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A month of “a, b, c”

During the month of June, we undertook a program of remedial study for the grade school kids here at Olbalbal. Many of the primary school kids are really weak. There are some in fourth grade that don’t yet know the alphabet. Individual attention by a teacher does not seem exist here. We hoped that a month of more intense study would help that situation.

IMG_1040We chose the weakest ten students in each of the seven grades for our intensive program. During the four weeks of school vacation, there were two sessions each day, beginning at 8:30 each week day morning and ending at 2:00 in the afternoon. There were two “classes”, one for the weakest students and the other for those a little less weak. At eleven o’clock the kids had “uji.” a porridge of maize flour seasoned with some sugar, vegetable oil and salt.

My student Lenkangu, who has just finished his first year of Teacher Training College did the teaching helped by another one of my students, Fabi, who has just finished the first half of her senior year in high school. They concentrated on Swahili and some math with the kids.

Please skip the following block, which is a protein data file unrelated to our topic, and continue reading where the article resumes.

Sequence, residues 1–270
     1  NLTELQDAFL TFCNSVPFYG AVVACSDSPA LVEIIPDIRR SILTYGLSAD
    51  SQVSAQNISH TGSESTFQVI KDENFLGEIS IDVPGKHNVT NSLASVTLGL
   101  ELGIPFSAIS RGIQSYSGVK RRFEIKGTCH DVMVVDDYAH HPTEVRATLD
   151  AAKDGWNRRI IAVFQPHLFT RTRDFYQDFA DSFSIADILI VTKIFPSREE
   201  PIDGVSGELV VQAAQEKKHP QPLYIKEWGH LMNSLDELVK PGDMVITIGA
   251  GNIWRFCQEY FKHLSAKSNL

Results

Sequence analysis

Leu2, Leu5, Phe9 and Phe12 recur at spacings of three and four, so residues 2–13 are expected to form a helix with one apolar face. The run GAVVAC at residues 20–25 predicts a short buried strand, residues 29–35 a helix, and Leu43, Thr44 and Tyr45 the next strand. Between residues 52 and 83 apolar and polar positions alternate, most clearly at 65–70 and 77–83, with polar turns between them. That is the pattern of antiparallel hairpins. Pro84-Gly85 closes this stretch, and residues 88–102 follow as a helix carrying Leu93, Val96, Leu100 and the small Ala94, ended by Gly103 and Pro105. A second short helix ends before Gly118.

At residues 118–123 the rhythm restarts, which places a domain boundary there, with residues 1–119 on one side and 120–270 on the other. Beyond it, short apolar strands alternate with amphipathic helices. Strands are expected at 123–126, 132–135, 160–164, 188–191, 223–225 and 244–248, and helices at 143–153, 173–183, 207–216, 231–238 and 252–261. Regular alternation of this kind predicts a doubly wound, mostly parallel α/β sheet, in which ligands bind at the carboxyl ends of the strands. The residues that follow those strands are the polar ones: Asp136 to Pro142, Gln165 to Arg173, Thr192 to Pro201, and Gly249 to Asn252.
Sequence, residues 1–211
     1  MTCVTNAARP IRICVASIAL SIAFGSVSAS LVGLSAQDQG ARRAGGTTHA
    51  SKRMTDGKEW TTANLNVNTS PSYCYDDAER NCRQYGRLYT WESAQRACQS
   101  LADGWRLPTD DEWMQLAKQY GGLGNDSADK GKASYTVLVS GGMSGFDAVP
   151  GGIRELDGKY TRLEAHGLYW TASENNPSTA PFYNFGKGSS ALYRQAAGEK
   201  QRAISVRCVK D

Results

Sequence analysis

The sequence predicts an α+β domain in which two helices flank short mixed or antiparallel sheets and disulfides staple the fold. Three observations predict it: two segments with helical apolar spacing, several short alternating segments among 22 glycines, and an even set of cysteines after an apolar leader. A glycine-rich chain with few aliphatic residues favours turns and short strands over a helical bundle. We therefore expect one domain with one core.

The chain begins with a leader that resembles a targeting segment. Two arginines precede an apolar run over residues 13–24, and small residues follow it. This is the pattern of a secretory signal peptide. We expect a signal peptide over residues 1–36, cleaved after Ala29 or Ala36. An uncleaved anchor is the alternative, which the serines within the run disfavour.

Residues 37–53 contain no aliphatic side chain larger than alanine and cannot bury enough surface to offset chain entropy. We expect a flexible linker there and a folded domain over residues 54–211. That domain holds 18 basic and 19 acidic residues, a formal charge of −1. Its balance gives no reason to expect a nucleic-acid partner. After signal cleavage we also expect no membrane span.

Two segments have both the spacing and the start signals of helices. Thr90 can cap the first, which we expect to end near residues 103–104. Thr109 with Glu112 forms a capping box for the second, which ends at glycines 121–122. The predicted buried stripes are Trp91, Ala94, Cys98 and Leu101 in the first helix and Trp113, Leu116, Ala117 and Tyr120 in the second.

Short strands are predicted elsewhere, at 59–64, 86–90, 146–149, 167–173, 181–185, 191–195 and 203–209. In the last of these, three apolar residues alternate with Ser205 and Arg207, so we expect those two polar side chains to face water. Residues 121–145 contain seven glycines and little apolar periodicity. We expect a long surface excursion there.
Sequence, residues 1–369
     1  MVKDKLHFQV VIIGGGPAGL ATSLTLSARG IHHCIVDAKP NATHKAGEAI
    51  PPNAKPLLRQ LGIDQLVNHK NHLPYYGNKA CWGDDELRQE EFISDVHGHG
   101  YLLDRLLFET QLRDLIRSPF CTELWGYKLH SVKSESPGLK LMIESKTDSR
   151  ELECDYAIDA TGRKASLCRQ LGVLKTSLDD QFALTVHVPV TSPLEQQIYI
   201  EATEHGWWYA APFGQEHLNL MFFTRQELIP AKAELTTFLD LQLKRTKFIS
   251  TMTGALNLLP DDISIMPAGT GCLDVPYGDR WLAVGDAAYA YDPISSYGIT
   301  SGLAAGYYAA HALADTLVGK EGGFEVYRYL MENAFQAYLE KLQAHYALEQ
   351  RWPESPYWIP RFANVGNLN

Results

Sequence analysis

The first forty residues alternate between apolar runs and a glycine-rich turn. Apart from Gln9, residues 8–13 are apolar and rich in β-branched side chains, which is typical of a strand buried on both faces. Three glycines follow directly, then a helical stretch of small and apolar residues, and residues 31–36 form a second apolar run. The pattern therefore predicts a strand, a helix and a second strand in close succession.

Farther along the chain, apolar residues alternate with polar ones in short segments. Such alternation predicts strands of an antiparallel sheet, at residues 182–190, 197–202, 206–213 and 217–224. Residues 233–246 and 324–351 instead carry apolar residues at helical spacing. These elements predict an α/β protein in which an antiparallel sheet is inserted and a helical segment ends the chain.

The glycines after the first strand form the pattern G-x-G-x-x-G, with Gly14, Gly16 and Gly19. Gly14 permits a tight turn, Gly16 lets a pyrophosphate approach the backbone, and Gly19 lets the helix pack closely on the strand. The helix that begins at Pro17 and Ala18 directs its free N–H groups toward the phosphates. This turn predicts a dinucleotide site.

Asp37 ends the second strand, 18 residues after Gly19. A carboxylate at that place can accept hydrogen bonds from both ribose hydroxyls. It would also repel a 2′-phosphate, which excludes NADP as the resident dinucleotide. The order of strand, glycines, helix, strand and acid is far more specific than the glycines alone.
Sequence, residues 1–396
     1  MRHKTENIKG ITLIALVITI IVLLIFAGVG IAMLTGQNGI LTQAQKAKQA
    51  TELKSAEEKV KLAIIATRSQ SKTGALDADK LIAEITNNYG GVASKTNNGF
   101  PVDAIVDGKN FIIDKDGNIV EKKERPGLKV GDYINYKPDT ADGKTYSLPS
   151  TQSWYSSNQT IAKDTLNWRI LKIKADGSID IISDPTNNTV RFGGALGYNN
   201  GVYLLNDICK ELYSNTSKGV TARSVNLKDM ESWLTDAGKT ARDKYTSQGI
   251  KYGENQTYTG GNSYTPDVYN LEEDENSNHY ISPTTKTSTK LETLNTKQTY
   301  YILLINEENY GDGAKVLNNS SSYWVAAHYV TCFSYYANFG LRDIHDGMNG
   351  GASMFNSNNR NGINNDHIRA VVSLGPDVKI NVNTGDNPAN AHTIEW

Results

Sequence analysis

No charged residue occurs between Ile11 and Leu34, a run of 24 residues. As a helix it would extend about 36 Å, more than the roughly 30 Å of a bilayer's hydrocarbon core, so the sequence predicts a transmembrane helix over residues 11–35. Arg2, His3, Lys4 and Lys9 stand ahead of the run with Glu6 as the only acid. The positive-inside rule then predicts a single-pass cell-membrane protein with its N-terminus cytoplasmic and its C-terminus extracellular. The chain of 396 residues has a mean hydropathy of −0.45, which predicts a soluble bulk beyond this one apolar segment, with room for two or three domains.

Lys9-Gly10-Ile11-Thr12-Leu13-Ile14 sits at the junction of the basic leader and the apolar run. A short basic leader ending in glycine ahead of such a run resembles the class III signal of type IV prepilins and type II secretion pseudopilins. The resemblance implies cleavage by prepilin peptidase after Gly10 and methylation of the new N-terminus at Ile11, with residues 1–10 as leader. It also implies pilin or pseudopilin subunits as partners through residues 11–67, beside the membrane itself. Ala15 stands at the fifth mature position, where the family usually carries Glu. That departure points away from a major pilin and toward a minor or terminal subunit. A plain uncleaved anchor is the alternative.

Before beginning the program, Lenkangu and Fr. Arkado went to the town of Karatu, some two and a half hours away. They bought bags of corn, sugar, cooking oil, salt and bowls for the “uji”. They also purchased notebooks, pens and pencils for the remedial classes.

Fr. Arkado has raised the money for this project through his friend Dorota in Poland. She works for an insurance company in Warsaw. Her fellow workers contributed the money for the four-week program.

The program was a total success with most of the weak students among the seventy participants making excellent progress. The parents were very happy with the program and showed amazement at the improvement of the reading and writing skills of their sons and daughters. Lenkangu did an excellent job bringing all together. He will make a great teacher. The “uji” program went really well also. Seeing themselves improve so rapidly in their reading and writing skills, a good few of the students expressed their desire to continue the program even after returning for the regular school year. The graduation went well, with the gift of a notebook and ballpoint pen for each student and some further notebooks for those showing the most improvement. The meal of rice and meat topped off the small graduation celebration.

Parents, students and, not least, ourselves are very pleased at the marked improvement in most of the students.

 

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